The study also found significant overlap between these segments, known as copy number variants (CNVs), and genetic variants implicated in autism and schizophrenia, proving strong evidence that ADHD is a neurodevelopmental disorder - in other words, that the brains of children with the disorder differ from those of other children.
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The research, published today in the journal the 'Lancet', was largely funded by the Wellcome Trust, with additional support from Action Medical Research, the Medical Research Council and the European Union.
"We hope that these findings will help overcome the stigma associated with ADHD," says Professor Anita Thapar. "Too often, people dismiss ADHD as being down to bad parenting or poor diet. As a clinician, it was clear to me that this was unlikely to be the case. Now we can say with confidence that ADHD is a genetic disease and that the brains of children with this condition develop differently to those of other children."
ADHD is one of the most common mental health disorders in childhood, affecting around one in 50 children in the UK. Children with ADHD are excessively restless, impulsive and distractible, and experience difficulties at home and in school. Although no cure exists for the condition, symptoms can be reduced by a combination of medication and behavioural therapy.
The condition is highly heritable - children with ADHD are statistically more likely to also have a parent with the condition. A child with an identical twin with ADHD has a three in four chance of also having the condition. Even so, until now there has been no direct evidence that the condition is genetic and there has been much controversy surrounding its causes, which some people have put down to poor parenting skills or a sugar-rich diet.
The team at Cardiff University analysed the genomes of 366 children, all of whom had been given a clinical diagnosis of ADHD, against over 1,000 control samples in search of variations in genetic make-up that were more common in children with the condition.
"Children with ADHD have a significantly higher rate of missing or duplicated DNA segments compared to other children and we have seen a clear genetic link between these segments and other brain disorders," explains Dr Nigel Williams. "These findings give us tantalising clues to the changes that can lead to ADHD."
The researchers found that rare CNVs were almost twice as common in children with ADHD compared to the control sample - and even higher for children with learning difficulties. CNVs are particularly common in disorders of the brain.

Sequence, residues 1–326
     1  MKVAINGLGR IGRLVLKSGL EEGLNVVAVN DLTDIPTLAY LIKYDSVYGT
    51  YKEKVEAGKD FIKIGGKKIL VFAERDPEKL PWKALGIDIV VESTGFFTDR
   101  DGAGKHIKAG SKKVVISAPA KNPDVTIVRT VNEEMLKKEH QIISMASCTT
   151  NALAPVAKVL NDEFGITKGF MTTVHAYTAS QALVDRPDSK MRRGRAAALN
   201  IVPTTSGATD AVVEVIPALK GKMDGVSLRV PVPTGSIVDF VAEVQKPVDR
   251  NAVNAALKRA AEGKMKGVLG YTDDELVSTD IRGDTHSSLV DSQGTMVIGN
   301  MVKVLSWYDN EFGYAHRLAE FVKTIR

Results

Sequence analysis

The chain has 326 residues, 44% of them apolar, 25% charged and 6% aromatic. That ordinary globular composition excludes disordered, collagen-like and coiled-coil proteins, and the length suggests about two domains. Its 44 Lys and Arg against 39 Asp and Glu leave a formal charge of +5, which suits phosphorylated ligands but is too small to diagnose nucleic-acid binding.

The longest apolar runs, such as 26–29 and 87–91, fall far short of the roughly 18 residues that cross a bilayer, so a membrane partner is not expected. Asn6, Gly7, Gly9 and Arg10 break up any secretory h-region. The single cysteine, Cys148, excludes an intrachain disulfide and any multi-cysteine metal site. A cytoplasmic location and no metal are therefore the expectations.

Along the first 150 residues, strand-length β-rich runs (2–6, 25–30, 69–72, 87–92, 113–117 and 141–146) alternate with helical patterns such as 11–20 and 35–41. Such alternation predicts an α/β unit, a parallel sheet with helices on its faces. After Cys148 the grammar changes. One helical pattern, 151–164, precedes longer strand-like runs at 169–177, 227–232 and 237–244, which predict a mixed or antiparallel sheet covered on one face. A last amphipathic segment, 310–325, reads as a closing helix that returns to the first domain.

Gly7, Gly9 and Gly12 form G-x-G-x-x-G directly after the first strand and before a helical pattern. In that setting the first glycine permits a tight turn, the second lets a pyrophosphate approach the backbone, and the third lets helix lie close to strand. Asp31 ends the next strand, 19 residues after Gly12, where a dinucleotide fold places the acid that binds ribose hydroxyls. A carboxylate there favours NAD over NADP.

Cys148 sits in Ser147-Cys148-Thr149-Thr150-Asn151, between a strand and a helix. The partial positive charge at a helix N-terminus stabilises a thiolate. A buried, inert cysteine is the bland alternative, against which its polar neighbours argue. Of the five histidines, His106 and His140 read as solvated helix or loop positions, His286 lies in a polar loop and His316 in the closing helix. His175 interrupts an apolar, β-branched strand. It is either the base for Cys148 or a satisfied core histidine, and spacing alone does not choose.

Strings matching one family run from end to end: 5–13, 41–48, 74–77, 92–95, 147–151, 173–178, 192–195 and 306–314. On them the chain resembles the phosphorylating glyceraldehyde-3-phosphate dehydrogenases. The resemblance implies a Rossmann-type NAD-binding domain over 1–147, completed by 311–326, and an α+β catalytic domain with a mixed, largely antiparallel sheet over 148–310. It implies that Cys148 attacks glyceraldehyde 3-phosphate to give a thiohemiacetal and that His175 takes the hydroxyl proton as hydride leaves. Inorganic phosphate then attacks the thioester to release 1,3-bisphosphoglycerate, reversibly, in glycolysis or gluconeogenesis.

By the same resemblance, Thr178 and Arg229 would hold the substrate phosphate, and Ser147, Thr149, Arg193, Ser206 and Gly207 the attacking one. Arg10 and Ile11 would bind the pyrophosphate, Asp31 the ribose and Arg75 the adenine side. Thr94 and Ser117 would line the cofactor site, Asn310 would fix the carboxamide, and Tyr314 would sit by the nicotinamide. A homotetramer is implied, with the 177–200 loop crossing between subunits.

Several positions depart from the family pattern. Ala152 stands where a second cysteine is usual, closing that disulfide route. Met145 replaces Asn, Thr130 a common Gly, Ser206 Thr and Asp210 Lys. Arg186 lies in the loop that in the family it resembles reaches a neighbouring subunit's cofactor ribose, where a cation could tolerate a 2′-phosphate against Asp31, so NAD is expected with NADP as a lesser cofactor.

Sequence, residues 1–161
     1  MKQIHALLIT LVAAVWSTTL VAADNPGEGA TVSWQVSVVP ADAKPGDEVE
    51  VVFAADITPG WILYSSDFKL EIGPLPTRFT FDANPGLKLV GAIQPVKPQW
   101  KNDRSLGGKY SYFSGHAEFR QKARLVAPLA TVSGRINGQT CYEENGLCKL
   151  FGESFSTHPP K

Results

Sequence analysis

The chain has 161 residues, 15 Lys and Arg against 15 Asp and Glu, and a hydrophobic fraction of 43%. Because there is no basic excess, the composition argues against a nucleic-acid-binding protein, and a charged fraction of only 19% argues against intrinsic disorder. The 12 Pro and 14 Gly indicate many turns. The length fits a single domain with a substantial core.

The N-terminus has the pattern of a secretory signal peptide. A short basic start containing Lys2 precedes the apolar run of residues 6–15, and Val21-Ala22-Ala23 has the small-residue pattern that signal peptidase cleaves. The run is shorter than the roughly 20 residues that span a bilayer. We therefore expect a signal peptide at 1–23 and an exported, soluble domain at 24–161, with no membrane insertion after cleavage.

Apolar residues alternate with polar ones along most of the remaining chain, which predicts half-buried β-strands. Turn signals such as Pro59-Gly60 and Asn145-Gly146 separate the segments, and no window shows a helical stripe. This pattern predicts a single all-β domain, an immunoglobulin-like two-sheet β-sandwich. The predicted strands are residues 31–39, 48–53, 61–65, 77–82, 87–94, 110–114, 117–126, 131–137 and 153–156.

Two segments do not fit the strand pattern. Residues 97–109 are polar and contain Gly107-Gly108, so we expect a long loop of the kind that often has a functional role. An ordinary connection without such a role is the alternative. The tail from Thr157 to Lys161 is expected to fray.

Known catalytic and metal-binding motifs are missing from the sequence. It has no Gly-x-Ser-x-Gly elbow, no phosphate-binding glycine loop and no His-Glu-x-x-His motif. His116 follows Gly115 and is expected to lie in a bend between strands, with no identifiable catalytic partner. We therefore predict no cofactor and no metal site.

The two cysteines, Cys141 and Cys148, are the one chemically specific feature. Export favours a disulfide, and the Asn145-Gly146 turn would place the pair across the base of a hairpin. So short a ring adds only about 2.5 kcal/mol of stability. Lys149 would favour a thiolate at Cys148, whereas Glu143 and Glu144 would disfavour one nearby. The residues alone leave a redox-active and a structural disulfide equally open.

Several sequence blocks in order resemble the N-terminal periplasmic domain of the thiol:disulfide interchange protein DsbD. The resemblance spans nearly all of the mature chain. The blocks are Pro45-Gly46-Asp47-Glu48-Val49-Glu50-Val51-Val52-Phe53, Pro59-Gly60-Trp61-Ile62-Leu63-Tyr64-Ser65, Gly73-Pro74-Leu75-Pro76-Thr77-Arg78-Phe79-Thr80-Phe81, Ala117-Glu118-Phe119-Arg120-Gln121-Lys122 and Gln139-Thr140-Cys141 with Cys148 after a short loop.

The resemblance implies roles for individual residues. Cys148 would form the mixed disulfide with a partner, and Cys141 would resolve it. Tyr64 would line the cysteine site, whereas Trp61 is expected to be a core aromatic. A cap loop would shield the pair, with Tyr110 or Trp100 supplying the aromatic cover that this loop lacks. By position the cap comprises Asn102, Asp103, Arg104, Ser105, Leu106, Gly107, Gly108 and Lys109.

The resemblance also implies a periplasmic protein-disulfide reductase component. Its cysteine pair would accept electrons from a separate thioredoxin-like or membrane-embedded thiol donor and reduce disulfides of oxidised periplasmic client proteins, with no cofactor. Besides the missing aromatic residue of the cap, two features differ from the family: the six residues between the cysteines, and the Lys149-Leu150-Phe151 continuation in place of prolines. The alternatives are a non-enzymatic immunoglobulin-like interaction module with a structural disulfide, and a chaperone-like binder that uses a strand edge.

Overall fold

There was also significant overlap between CNVs identified in children with ADHD and regions of the genome which are known to influence susceptibility to autism and schizophrenia. While these disorders are currently thought to be entirely separate, there is some overlap between ADHD and autism in terms of symptoms and learning difficulties. This new research suggests there may be a shared biological basis to the two conditions.
The most significant overlap was found at a particular region on chromosome 16 which has been previously implicated in schizophrenia and other major psychiatric disorders and spans a number of genes including one known to play a role in the development of the brain.
"ADHD is not caused by a single genetic change, but is likely caused by a number of genetic changes, including CNVs, interacting with a child's environment," explains Dr Kate Langley. "Screening children for the CNVs that we have identified will not help diagnose their condition. We already have very rigorous clinical assessments to do just that."
Dr John Williams, Head of Neuroscience and Mental Health at the Wellcome Trust, which has supported Professor Thapar's work for ten years, says: "These findings are testament to the perseverance of Professor Thapar and colleagues to prove the often unfashionable theory that ADHD is a brain disorder with genetic links. Using leading-edge technology, they have begun to shed light on the causes of what is a complex and often distressing disorder for both the children and their families."
Williams NM et al. Rare chromosomal deletions and duplications in attention-deficit hyperactivity disorder: a genome-wide analysis. Lancet 30 Sep 2010.
Cardiff University(opens in a new tab) is recognised in independent government assessments as one of Britain's leading teaching and research universities and is a member of the Russell Group of the UK's most research intensive universities. Among its academic staff are two Nobel Laureates, including the winner of the 2007 Nobel Prize for Medicine, Professor Sir Martin Evans.
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Action Medical Research(opens in a new tab), for children, for life, is the leading UK-wide medical research charity dedicated to helping babies and children.
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